Only a few years into its existence, the entire online coupon business is struggling. Over 800 daily deal companies closed their doors in the last two years. I turned my focus this week to coming up with strategies and enhancements to daily deal sites, and offers that might renew the excitement consumers felt when these deals first started showing up. Some of the main ideas include:
More personalization of offers
Wish list fulfillment
More information on merchants
Flexibility of offer details
Longer window before offers expire
Allow merchants to “own” the relationship with the customers
Pressure to use by expiration date
Repeat offers from the same merchants
Buyer’s remorse at the deals purchased and the money spent
Difficulties with redeeming
My article looks more closely at each of the new ideas and barriers to purchase. But, as I was writing this, another offer came through that repeated, once again, a deal for half price to one of my favorite restaurants, Ghazal Indian Cuisine, (see illustration below). In the past, I have purchased and used deal vouchers at least six times to Ghazal (up to three vouchers could be purchased at a time, and I bought three from LivingSocial and three from Groupon), and I’ve enjoyed them immensely. And I have gone to the restaurant without vouchers over the past few years a number of times. I and my guests have always been treated with respect even when using a discount voucher.
Ghazal is a small eatery in a crowded restaurant section of Jamaica Plain (outside Boston). Three doors down is another, slightly larger (and very good) competitor, Bukhara Indian Bistro, which also is often represented in daily deal offers. Both restaurants obviously feel the need to bring in business and therefore offer repeat discount offers through the daily deal web sites.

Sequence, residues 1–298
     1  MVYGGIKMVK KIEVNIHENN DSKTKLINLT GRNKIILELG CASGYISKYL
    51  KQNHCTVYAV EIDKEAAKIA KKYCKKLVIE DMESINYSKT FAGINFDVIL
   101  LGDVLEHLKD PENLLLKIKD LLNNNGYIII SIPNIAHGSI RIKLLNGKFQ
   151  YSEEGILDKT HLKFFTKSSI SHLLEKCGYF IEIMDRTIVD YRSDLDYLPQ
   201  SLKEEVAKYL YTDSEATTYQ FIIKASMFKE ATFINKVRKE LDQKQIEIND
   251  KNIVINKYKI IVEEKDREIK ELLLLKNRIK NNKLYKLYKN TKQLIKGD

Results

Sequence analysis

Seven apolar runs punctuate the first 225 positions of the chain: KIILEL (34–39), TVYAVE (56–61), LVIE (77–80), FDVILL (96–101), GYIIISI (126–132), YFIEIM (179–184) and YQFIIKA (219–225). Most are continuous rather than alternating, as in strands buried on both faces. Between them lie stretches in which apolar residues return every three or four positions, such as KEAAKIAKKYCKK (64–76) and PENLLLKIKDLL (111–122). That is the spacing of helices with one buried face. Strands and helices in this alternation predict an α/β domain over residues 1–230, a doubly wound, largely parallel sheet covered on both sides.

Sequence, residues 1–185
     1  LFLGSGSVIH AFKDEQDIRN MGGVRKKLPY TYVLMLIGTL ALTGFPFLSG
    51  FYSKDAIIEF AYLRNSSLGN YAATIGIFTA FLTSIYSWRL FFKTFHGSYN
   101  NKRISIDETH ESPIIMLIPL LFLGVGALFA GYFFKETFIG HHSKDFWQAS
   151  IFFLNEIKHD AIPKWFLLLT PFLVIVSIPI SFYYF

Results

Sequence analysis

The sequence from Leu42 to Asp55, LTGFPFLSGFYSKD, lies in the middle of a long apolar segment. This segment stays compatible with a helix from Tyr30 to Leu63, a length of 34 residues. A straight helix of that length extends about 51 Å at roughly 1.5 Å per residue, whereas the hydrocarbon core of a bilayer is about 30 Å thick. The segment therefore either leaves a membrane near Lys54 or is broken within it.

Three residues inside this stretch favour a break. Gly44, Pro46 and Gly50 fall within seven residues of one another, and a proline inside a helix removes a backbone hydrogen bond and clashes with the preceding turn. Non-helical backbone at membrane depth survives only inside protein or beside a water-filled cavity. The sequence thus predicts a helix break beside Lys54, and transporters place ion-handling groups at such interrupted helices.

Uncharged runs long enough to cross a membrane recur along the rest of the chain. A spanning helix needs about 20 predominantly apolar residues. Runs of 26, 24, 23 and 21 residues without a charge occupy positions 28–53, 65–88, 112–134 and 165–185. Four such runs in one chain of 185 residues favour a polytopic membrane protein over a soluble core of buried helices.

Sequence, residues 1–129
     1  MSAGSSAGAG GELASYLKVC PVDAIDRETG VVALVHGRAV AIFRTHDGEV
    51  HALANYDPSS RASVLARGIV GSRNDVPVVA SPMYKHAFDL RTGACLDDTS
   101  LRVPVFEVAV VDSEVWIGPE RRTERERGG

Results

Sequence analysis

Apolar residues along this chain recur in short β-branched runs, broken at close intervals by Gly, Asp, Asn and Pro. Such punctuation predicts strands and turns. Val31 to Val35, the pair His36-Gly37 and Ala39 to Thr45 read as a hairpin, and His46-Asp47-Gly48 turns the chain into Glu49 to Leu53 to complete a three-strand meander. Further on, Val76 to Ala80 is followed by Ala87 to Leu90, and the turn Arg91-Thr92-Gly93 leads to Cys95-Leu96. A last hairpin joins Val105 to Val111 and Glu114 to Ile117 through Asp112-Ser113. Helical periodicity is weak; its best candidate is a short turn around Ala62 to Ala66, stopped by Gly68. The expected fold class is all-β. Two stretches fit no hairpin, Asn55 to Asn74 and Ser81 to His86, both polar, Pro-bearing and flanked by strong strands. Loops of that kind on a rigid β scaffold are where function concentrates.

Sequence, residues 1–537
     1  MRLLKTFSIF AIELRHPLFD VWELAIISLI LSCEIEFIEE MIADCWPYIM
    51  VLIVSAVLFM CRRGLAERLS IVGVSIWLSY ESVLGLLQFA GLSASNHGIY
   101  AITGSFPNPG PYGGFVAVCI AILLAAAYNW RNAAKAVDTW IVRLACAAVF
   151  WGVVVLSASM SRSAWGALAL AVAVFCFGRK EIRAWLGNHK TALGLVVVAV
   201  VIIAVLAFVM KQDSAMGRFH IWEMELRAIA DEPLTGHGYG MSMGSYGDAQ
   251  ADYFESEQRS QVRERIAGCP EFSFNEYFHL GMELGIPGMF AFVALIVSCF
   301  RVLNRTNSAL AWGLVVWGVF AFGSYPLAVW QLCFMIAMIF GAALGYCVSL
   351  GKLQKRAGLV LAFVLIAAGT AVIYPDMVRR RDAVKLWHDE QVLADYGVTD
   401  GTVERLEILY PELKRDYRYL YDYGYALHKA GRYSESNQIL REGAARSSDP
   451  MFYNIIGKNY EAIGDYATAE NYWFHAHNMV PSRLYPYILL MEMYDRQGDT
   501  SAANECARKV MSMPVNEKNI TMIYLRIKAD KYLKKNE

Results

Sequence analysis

So I decided not to purchase the latest offer from Groupon out of guilt. I have had so many inexpensive and delicious meals there, I just feel guilty purchasing more. Even though the staff probably won’t recognize me as a chronic voucher user, I want the restaurant to succeed, so I plan to pay full price for a while.
And my guilt isn’t unique to me. Others I’ve talked to have decided not to keep buying the same deals over and over, especially when they are happy with the merchant. That makes us either idiots for turning down “free” food or, as I prefer to think of us, loyal customers who understand that keeping your favorite brands thriving will mean that you can purchase them for a long time. I would hate to find out that Ghazal (or Bukhara, for that matter) went under because they have over daily-dealt themselves to death.
Daily Deal Fatigue
Putting the Bloom Back on the Rose
By Ronni T. Marshak, Executive VP and Senior Consultant, Patricia Seybold Group, December 6, 2012
After an explosion onto the marketplace a few years ago, daily deal sites are floundering. We got together a number of recovering daily deal addicts to understand why the excitement is gone and to offer strategies that could win us back and reap the resulting rewards!.